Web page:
3 Tips that Strengthen Middles

writing the middle of your book

While writing the middle of a story usually isn’t as tricky as the beginning, for many authors, the middle can start to sag if they aren’t careful. Previously we went over three problems that come up with middles. Today we are back to add three tips to keep your middle interesting.

1. Vary Your Story

Sometimes a novel feels dull in the middle because your conflicts are not varied enough. In other words, as the reader is going along, he feels like the novel on page 400 reads just like it did on page 100. Yeah, maybe your character faces death at every turn, but that’s all that he faces. We’ve all read stories like that–tales so filled with action that nothing of import seems to be going on.

Very often I find this in survival stories. You see a tale about a teenager who goes down in a plane in the Alaskan wilderness. As he struggles to walk 400 miles south, he must first battle off a wolf. Then he gets to battle a wolverine. Then he battles a bear. Next he fights off a moose. You get the idea. The whole thing becomes rather episodic pretty quickly.

Romances can be tiring in the same way. Having a heroine who agonizes about a man and nothing else for six hundred pages would just be too much. That’s why romances tend to be short.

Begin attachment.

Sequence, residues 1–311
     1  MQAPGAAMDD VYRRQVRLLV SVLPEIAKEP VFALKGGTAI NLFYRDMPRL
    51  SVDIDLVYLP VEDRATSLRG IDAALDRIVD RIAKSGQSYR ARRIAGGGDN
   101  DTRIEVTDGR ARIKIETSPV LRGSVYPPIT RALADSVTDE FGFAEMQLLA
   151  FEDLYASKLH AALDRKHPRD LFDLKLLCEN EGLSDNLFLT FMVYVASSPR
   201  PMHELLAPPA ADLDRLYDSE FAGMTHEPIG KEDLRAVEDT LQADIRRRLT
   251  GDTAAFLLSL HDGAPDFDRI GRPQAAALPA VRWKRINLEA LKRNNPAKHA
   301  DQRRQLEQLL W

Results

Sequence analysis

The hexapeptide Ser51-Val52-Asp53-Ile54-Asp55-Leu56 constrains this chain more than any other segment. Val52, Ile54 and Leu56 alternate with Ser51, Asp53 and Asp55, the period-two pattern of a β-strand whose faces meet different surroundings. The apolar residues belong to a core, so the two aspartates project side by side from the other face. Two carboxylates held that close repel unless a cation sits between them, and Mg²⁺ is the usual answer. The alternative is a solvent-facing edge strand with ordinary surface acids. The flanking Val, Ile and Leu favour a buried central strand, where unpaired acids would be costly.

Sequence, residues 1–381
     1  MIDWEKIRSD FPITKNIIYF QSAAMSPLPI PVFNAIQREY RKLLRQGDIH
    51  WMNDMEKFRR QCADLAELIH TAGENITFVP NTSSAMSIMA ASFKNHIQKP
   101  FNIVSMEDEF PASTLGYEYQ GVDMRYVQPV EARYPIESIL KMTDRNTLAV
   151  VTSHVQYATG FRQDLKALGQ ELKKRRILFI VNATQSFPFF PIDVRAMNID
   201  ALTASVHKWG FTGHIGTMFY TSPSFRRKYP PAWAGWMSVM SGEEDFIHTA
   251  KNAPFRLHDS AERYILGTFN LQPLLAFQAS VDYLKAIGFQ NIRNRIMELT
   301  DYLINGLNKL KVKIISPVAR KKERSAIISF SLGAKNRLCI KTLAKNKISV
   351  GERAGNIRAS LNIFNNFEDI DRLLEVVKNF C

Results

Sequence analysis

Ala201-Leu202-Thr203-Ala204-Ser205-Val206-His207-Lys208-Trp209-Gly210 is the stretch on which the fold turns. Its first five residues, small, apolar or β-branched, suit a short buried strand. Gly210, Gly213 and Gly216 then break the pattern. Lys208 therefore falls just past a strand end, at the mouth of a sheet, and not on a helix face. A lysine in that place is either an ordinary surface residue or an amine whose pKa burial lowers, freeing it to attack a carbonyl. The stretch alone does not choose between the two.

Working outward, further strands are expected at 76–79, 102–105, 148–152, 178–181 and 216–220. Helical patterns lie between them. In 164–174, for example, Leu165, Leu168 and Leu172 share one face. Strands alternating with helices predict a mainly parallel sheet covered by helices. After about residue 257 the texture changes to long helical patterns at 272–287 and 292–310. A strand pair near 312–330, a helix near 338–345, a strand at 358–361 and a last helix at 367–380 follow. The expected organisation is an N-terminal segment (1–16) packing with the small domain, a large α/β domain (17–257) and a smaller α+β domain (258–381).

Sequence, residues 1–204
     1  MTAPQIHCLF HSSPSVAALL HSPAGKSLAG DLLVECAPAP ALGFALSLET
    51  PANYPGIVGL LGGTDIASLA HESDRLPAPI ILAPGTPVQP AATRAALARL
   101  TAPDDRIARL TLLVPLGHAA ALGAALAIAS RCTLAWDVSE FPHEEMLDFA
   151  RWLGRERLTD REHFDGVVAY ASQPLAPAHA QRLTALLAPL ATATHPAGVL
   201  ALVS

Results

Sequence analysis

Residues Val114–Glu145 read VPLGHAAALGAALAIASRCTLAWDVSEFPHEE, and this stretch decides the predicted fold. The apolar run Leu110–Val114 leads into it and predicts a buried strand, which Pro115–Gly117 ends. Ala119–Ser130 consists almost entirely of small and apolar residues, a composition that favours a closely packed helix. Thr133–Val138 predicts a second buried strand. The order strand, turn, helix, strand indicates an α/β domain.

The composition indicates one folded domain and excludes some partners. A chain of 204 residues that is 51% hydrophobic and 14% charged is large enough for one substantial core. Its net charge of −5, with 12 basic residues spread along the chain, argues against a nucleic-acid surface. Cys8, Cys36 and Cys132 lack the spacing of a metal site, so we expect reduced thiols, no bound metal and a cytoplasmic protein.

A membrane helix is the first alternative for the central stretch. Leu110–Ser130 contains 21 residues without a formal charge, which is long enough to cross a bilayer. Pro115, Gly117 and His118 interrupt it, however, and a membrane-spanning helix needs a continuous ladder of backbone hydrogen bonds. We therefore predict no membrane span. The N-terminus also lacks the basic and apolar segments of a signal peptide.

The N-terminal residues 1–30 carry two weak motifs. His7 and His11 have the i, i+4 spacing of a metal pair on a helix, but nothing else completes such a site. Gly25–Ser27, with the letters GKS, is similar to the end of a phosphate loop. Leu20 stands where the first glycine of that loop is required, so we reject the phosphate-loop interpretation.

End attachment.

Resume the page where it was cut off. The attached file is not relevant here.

Essentially, no matter what your genre, too much of a good thing is just too much.

So as a writer, you have to wonder, maybe your reader would like something more in this tale. Perhaps it needs a mystery to be solved, a romance, some internal angst on the part of one of your characters–maybe even a character that we haven’t seen much of yet. Or maybe instead of just having the protagonist battling the antagonists, now it’s time to add a new problem–a conflict between the protagonist and his best friend. In other words, sometimes you need to try some things that you’ve never tried before in your storytelling.

When you look at conflicts, there are several major categories that you will hear writers talk about. These categories include: Person vs Person, in which a protagonist has a conflict with another person; Person vs Society, in which a character is forced to combat a stifling political regime–or perhaps just an odd family or clique; Person vs Nature, in which your protagonist fights against the natural elements; Person vs Self, in which a character must battle his own inner passions or vices; and Person vs God, a story where a man takes on his creator.